"When I arrived at [my 37 week] appointment, I indicated to the nurse that the baby was not moving as much as she normally did. The nurse attempted to reassure me by telling me that babies move less at the end of pregnancy because they run out of room [which I now know is a dangerous myth]. Shortly after beginning the growth scan, the sonographer discovered that I had lost over half of my amniotic fluid. I had no sign that my water was leaking. I was immediately induced, and our sweet Mabel Rose arrived quickly, but healthy. The only red flag that there was a problem with the pregnancy was my daughter’s change in movement." --Meghan A., Mabel’s mom
"At 37 weeks I went to my scheduled appointment and despite my and the nurses’ efforts to get him to move, he failed his NST and BPP. At this point, I was telling the healthcare team that my baby is normally active, this was not his normal movement, and I just knew something was wrong. The care team kept telling me he was just sleeping and felt it would be OK for me to go home [but] I insisted that I needed to stay. Only after strongly advocating to stay did the doctor agree to induce me. Thankfully, I did deliver my son healthy, but with the cord around his neck and arm which was certainly restricting his movement. Kai-Dalton was telling me something was wrong, and I am glad I had the knowledge about his movement, so I felt empowered to speak up." --Vanessa O., Kai-Dalton’s mom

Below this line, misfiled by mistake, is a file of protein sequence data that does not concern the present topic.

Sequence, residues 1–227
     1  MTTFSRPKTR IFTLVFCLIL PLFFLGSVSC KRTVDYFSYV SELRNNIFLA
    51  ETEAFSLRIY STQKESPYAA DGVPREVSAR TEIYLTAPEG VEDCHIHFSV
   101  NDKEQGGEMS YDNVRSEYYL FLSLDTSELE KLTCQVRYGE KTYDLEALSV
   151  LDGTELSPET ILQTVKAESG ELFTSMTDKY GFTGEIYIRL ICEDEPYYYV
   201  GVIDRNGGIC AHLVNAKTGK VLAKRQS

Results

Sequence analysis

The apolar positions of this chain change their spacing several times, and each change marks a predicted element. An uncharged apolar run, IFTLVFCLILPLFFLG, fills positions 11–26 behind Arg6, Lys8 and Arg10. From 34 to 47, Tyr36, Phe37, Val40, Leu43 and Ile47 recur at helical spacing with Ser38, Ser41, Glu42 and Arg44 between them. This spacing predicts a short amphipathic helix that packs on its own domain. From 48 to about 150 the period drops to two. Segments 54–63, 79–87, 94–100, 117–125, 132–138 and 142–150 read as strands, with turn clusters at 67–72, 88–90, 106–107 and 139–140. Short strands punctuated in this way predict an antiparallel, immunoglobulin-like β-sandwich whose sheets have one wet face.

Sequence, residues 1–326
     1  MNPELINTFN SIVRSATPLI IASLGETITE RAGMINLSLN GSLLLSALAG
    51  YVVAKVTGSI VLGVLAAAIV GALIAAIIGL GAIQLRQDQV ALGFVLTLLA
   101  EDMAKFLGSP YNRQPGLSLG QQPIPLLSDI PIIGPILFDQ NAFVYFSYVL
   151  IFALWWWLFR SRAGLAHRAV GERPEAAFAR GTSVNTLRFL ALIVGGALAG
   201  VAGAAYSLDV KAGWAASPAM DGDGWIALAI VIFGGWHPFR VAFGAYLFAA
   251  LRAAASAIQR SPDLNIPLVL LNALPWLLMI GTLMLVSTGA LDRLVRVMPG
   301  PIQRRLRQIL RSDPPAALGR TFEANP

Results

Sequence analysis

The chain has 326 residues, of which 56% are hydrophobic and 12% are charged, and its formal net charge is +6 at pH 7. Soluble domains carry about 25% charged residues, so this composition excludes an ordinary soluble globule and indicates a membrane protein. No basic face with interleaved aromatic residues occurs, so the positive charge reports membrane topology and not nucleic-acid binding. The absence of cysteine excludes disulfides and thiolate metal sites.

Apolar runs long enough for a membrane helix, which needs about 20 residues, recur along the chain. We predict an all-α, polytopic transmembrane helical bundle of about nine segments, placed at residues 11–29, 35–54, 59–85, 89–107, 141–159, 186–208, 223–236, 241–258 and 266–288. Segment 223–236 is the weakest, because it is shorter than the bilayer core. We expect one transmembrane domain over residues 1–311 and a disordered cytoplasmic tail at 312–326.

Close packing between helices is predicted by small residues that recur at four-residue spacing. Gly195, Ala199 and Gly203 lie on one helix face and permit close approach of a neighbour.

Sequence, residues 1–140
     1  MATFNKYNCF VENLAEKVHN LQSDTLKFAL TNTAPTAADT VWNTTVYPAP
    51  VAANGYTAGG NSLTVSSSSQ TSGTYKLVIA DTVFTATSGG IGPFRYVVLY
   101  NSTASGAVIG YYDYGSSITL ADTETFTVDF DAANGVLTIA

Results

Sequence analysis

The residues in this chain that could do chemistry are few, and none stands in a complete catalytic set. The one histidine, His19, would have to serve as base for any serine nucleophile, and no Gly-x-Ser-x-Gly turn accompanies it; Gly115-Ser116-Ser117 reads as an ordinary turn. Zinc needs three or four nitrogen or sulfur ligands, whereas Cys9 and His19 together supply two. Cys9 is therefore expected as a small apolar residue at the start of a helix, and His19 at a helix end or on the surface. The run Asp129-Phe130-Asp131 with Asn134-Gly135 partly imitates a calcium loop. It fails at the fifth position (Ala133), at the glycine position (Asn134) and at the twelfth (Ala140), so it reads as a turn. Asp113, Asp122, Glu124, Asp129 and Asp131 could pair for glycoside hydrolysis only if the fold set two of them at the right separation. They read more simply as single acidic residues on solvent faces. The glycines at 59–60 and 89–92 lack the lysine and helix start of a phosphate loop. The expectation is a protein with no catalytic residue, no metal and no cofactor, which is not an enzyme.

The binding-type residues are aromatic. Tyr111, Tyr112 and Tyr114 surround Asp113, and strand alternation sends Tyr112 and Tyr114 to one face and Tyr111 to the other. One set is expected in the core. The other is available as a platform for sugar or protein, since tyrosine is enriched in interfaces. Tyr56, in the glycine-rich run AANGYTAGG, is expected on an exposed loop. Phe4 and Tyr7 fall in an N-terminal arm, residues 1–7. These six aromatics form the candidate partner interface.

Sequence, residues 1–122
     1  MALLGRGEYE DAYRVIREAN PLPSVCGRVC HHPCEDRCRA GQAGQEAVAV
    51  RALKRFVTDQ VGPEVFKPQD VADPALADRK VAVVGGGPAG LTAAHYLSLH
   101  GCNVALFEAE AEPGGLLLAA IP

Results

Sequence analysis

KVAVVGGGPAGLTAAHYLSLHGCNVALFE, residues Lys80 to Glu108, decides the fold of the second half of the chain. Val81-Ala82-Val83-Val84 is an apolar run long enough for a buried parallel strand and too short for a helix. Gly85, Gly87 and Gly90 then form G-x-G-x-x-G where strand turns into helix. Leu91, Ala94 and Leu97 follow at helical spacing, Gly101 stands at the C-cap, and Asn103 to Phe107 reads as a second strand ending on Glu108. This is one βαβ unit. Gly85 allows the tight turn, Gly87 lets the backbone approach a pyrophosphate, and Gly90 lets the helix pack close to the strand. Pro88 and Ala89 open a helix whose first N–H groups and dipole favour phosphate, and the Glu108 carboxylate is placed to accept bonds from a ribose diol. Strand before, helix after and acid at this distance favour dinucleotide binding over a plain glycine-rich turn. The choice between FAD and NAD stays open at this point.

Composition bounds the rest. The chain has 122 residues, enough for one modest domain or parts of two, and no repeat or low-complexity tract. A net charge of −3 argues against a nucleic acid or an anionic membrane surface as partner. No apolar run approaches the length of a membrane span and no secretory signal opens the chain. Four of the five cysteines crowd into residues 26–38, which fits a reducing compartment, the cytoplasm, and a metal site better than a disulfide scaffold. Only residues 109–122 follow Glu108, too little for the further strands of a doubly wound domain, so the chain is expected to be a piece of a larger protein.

"I noticed that my daughter was moving, but her movements were slower and felt different than before. I called my OB and they had me report to the hospital. During [testing, my doctor] too became concerned about her movement and determined that the best thing for Piper was to deliver her via C-section at 28 weeks. Upon delivery, [the doctors] noticed placental damage and what looked to be the beginnings of a full placental abruption. Piper’s lifeline was failing and not getting her enough of the oxygen and nutrients she needed to grow and thrive. I am so grateful I had been tracking Piper’s movements with the Count the Kicks App because it supported my intuition that something was wrong, and that I needed to speak up on behalf of my daughter. Her pregnancy could have ended so very differently." --Kendra P., Piper’s mom
Read these baby save stories & many more from Count the Kicks!
In-Depth FAQs About Fetal Movements
Why are my baby’s movements important?
Your baby's movements are a sign of their wellbeing. A reduction or change in your baby’s movements can sometimes be a warning sign that they're unwell. It's important to know that: 1. It's NOT true that babies move less towards the end of pregnancy 2. You should continue to feel your baby move right up to the time you go into labor and while you are in labor too 3. When babies are unwell, they slow down their movements to preserve energy. When you feel less movements it could be a sign that your baby is unwell 4. There is time to intervene. Come to the hospital straight away so that your baby can be checked out. If there is something wrong this gives time to help your baby 5. While stillbirth is very rare, it is 10 times more likely to happen than SIDS. Studies have shown that over half of women who experienced a stillbirth noticed a reduction in baby movements